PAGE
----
Today we celebrate the birthday of one of the 20th century’s truly great scientists, Linus Pauling (28 Feb 1901 – 19 Aug 1994). Beyond being a world leading chemist and biochemist, he was also a famous and outspoken peace activist.
Pauling holds the distinction of being the only person to be awarded two unshared Nobel Prizes – the 1954 Nobel Prize in Chemistry (awarded for research into the nature of the chemical bond and its use in elucidating molecular structure) and the 1962 Nobel Peace Prize (for his efforts to ban the testing of nuclear weapons).
As a scientist, Pauling was one of the founders of the fields of quantum chemistry and molecular biology. He did groundbreaking research on the analysis of molecular structures using the experimental technique of x-ray diffraction, complimented by quantum mechanical theory.
During the later part of his career, Pauling’s interest moved to molecular medicine and medical research. It is during this period that he started promoting the controversial idea of high dosage vitamin C as a treatment for various illnesses, notably cancer. Research conducted by Pauling and the British cancer surgeon Ewan Cameron was reported to show a significantly increased survival rate among terminal cancer patients who were treated with high doses of Vitamin C. These results were, however, later questioned by researchers at the Mayo Institute, who claimed the test group and control group in Pauling’s trial were too dissimilar, with the test group alleged to be less ill than the control group. The Mayo Institute repeated the experiment and found that the Vitamin C had no greater effect than the placebo given to the control group. Pauling, in turn, criticised the Mayo experiment for using oral rather than intravenous Vitamin C, and for not continuing the treatment long enough.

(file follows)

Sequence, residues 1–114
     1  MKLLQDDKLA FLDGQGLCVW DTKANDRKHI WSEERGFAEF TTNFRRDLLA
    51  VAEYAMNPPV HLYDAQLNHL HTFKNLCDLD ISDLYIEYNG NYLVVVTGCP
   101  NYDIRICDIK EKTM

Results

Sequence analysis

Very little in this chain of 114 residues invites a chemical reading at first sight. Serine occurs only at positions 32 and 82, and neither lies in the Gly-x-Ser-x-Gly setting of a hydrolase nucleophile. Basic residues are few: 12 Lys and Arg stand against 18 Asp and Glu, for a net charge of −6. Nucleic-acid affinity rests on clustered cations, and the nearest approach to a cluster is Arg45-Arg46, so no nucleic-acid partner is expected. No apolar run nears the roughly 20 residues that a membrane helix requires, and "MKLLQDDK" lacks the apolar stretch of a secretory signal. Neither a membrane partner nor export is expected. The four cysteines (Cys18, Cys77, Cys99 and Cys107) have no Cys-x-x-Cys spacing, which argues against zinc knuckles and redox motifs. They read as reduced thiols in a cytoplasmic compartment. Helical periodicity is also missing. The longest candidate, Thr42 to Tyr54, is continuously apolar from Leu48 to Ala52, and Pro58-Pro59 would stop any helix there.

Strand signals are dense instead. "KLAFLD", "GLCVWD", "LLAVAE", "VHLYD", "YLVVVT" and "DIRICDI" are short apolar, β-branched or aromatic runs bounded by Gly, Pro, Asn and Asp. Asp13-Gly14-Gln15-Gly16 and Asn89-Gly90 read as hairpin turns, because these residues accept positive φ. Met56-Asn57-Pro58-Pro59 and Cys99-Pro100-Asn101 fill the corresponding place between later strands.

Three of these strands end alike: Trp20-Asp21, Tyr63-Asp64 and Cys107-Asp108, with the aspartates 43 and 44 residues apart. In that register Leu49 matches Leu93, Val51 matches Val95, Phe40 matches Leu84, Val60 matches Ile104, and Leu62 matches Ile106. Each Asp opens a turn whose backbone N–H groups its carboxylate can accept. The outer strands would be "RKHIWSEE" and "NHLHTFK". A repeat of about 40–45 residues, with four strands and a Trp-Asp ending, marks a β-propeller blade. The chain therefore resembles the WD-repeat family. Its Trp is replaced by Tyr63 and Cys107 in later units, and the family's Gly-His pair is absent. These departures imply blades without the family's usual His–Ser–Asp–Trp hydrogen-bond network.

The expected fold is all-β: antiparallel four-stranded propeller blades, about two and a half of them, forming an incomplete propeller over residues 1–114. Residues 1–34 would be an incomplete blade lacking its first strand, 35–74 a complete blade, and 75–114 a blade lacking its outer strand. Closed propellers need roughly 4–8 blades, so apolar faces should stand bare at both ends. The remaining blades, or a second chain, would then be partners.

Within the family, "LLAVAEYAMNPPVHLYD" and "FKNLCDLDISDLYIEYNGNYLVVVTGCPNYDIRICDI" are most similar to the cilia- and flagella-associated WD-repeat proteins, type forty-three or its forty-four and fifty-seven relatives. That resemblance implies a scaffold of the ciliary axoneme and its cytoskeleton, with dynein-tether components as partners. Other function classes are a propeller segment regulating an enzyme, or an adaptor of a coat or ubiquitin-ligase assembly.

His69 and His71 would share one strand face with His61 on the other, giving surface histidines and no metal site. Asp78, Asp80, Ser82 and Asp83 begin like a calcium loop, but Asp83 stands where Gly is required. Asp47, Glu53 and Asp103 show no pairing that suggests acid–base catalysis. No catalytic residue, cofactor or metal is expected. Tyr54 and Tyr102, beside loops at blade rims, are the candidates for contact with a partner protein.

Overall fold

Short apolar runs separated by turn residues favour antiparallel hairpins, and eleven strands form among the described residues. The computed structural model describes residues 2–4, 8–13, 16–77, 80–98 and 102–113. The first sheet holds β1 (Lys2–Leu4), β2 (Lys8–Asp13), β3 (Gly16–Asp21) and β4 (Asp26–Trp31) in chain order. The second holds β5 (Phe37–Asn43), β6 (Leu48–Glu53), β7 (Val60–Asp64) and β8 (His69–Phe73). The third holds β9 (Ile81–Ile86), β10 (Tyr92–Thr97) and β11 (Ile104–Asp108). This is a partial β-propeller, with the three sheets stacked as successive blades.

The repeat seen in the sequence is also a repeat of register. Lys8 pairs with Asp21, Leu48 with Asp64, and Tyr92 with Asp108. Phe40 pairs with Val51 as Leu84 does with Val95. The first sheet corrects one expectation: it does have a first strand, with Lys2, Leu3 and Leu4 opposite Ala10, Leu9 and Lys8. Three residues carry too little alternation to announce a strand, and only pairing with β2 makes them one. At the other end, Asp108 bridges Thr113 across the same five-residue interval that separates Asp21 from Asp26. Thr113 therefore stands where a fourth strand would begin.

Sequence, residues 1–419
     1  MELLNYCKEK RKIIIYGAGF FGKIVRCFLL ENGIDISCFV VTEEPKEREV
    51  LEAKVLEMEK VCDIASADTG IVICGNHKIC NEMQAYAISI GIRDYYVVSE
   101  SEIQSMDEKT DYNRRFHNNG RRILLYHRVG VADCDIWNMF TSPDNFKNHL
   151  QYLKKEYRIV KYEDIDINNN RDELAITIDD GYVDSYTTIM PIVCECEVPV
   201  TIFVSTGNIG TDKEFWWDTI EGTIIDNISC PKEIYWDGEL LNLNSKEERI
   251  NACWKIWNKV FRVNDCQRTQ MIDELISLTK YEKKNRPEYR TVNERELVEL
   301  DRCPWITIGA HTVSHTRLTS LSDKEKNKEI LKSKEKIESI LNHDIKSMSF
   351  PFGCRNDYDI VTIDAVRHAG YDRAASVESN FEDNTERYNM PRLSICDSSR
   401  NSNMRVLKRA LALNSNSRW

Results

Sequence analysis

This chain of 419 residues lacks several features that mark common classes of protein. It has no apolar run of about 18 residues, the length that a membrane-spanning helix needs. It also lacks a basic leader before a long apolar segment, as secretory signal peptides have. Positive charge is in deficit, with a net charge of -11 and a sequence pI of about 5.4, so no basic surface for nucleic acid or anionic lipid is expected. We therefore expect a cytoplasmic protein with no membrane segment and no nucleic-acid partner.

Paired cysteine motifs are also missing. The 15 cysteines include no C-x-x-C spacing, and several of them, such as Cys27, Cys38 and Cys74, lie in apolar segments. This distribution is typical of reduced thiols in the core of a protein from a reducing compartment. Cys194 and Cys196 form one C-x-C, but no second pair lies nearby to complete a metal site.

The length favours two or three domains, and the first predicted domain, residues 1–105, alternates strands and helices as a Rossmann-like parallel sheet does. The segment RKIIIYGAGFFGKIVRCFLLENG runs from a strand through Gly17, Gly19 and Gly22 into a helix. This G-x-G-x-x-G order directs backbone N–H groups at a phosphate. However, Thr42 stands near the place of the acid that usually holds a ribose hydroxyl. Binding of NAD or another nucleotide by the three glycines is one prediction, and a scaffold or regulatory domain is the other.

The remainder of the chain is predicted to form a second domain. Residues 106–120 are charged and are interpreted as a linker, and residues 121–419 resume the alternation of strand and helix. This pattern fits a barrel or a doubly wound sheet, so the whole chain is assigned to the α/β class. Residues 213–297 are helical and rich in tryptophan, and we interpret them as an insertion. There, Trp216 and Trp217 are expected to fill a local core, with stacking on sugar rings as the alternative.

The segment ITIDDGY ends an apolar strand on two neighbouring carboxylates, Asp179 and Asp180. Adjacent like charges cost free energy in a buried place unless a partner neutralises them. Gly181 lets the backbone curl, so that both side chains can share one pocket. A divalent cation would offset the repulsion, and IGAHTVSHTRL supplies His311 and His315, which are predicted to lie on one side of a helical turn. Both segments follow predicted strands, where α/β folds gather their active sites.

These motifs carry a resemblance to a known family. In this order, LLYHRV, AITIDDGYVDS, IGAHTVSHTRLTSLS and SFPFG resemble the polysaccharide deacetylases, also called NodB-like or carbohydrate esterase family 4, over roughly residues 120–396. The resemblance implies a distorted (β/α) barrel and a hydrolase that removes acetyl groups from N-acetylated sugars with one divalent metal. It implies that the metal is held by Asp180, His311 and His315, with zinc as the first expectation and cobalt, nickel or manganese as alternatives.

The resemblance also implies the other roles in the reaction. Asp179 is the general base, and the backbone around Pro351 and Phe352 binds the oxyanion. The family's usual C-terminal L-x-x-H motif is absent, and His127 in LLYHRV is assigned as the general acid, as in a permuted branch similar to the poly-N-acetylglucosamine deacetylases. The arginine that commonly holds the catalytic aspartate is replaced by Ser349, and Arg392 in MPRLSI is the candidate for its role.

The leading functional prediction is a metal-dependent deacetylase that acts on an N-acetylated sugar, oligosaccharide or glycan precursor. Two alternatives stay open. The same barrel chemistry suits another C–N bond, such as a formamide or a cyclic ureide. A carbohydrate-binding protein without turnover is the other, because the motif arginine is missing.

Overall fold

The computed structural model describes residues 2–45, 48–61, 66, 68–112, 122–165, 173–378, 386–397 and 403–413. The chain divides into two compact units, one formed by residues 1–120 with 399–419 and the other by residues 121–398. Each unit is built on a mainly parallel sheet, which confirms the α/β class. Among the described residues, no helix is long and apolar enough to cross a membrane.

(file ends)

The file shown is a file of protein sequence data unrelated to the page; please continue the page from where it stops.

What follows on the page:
The Mayo results were widely publicised and reduced public interest in the value of high dosage Vitamin C. Pauling, however, continued to study the subject, and kept promoting the treatment as an adjunctive cancer therapy. He also investigated the potential for vitamin C to treat the common cold, to prevent atherosclerosis and to relieve angina pectoris.
Acknowledging his contribution to science, Pauling was included in a list of the 20 greatest scientists of all time by the magazine New Scientist, with Albert Einstein being the only other scientist from the 20th century on the list.